Object of the Week: Maradona’s ‘Hand of God’ shirt Calendar
16 Jun 2020
Two of the most dramatic goals in World Cup history were scored by the man wearing this shirt.
Argentina’s Diego Maradona provided football with one of its most iconic, and infamous, moments by using his hand to score against England in Mexico City 34 years ago.
Four minutes later he would go from ridiculous to the sublime with one of the all-time great individual goals. A mazy run leaving white shirts in his wake to slot home past keeper Peter Shilton.
Collections Manager Wiebke Cullen takes a closer look at the shirt worn by the terrific number ten…
How did the National Football Museum acquire this shirt?
The museum has had the shirt on loan from England player Steve Hodge since 2003. It’s an object that has been seen by thousands of visitors for nearly two decades. We are delighted to display it in our permanent galleries in our England on the World Stage permanent exhibition where we tell stories about the World Cup, international football and England teams.
It has to be one of our most infamous items?
Yes, I think it probably is.
The jersey is instantly recognisable to lots of visitors as millions of people around the world watched the Mexico 1986 World Cup quarter-final between Argentina and England. Wearing this shirt, Diego Maradona arguably scored two of his most well-known goals.
Argentina scored first on 51 minutes. Although Maradona appeared to jump and handle the ball into the England net, the goal was allowed to stand.
The number 10 ran celebrating while England players raced after the referee to argue the goal should be disallowed. Maradona would go on to score a fabulous, and fair, goal just four minutes later.
The game ended 2-1 for Argentina and Maradona later said his first goal was scored ‘a little with my head, and a little with the Hand of God’.
Maradona’s second goal that day was so iconic that FIFA.com users voted it ‘Goal of the Century’.
How did Steve Hodge acquire the shirt?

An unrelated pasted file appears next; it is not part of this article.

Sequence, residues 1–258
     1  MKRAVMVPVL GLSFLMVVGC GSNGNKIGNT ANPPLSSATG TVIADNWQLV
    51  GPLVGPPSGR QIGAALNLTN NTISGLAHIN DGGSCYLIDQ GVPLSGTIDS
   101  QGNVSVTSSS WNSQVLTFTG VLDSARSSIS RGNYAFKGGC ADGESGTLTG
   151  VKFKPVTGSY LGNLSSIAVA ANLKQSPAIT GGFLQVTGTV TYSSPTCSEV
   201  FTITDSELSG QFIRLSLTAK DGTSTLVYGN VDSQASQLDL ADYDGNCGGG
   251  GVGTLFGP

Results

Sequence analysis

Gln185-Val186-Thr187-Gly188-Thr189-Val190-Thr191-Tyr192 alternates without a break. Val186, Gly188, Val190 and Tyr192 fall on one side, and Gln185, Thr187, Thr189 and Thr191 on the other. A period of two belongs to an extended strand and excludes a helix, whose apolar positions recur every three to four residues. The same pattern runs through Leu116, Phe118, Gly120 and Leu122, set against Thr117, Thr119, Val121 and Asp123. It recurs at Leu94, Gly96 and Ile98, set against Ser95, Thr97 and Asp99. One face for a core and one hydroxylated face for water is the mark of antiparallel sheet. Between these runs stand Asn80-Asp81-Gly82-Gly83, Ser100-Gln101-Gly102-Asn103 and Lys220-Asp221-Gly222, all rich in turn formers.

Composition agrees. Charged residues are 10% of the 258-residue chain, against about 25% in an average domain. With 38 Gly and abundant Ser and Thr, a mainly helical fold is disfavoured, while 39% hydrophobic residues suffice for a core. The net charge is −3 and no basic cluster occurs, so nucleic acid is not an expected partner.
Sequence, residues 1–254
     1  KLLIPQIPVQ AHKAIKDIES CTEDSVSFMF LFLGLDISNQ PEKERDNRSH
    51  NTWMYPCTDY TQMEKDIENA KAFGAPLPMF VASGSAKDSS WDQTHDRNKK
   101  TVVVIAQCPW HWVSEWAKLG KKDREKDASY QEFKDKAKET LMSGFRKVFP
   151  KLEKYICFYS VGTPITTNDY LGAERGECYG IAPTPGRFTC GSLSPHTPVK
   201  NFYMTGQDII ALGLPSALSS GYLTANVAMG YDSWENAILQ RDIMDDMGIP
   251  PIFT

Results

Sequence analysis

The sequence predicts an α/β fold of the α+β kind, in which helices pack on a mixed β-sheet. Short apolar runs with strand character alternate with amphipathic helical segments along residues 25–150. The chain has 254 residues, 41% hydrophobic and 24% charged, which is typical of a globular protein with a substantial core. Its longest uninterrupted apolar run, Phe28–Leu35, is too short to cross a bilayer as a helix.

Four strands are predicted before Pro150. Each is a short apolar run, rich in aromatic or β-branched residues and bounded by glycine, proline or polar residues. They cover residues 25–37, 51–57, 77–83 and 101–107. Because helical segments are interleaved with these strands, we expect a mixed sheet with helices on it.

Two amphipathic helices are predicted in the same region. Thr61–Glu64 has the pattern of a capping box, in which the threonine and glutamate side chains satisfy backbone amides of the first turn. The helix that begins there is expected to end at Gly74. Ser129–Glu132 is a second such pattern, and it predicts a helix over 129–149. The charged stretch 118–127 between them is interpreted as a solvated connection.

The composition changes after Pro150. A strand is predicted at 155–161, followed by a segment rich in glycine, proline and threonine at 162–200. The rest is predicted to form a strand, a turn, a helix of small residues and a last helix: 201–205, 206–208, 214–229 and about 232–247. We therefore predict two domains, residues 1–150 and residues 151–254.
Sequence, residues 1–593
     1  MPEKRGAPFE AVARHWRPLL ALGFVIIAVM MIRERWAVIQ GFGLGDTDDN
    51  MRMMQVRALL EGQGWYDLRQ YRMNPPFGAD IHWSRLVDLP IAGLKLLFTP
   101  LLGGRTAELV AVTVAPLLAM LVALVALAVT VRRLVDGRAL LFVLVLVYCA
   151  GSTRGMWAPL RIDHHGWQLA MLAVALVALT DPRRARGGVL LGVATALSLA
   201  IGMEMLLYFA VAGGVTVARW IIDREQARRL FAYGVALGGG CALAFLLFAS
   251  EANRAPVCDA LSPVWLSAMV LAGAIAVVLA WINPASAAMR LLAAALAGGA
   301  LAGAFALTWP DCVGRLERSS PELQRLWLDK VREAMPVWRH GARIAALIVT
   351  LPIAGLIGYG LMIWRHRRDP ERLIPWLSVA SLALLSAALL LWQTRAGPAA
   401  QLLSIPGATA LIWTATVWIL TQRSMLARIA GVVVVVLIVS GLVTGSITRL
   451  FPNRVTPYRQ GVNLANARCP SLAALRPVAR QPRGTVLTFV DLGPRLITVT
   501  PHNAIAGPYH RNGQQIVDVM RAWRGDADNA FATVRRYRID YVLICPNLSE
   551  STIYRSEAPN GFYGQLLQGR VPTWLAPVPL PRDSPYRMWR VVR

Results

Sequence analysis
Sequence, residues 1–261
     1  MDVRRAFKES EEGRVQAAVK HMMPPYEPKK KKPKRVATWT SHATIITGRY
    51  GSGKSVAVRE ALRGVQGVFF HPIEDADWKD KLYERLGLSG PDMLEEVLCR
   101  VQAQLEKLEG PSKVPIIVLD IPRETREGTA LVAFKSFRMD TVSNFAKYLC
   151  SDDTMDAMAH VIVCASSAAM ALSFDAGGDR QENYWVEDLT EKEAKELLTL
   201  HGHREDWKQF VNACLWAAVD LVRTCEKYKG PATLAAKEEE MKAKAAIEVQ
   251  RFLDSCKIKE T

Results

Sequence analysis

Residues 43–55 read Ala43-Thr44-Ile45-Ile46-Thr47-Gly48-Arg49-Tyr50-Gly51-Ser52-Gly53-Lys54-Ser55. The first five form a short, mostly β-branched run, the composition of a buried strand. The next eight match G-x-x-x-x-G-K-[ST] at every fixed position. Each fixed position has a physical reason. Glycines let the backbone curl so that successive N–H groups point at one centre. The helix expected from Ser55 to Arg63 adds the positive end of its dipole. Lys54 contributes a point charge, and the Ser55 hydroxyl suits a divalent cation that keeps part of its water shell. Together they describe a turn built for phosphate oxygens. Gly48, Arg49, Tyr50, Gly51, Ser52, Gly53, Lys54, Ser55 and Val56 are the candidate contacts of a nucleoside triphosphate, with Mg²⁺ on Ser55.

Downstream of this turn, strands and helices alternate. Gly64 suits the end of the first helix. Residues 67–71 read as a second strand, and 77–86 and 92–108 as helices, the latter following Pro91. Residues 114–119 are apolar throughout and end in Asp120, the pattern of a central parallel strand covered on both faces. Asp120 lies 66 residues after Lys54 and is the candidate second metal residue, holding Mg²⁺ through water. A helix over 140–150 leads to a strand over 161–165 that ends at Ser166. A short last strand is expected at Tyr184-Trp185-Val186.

England were obviously devastated to go out of the World Cup, especially under such unfair circumstances. Hodge ended up swapping his shirt with Maradona after the match but didn’t tell his teammates who were still reeling over the handball that wasn’t penalised and sent them crashing out of the tournament.
What is the importance of this shirt in the context of England’s World Cup history?
England won their only World Cup in 1966. England started the 1986 tournament with poor results in the group stage but went on to build a genuine challenge. Argentina stood in their way of the chance to reach a semi-final and possible final.
England’s international story has often had a narrative of ‘so near, yet so far’ and Maradona’s first goal is maybe symbolic of an ongoing bad luck story in major tournaments.
What reaction do we get from visitors to this shirt?
Objects that evoke emotions and memories are the best to tell stories. They can trigger a multitude of reactions, from joy to unhappiness or even despair. The Maradona shirt delivers on all of these.
Most people are excited to see such an iconic object on display; an original shirt worn by a famous player always attracts the attention of visitors. However, with the added story of the ‘Hand of God’ incident and England being knocked out of the 1986 World Cup in that game, the shirt still triggers disbelief and unhappy memories for many visitors.
What other notable England Cup items do we have on display?
We have a number of great objects for many of the Football Association’s national teams.
These include Viv Anderson’s Under-21 cap from 1978 and the 2002 World Cup ball from the game in which David Beckham scored the winning goal against Argentina.
We have Steve Johnson’s England cap awarded for the 2005 World Amputee Football Football Federation World Championships in Brazil and Liz Deighan’s England cap for her first appearance for England in 1974.
Of course we also tell the story of England’s success at the 1966 World Cup with objects such as the actual ball and Geoff Hurst’s shirt from the final as well as the Jules Rimet substitute trophy commissioned by the FA in 1966.
These iconic 1966 items hold a lot more happiness for England fans than the Maradona shirt!
Diego’s shirt also features in our First 11 series on football and society. Check it out below, and watch the full line-up of videos on YouTube:
Did you know we sell unique prints and shirts signed by World Cup stars in our online shop?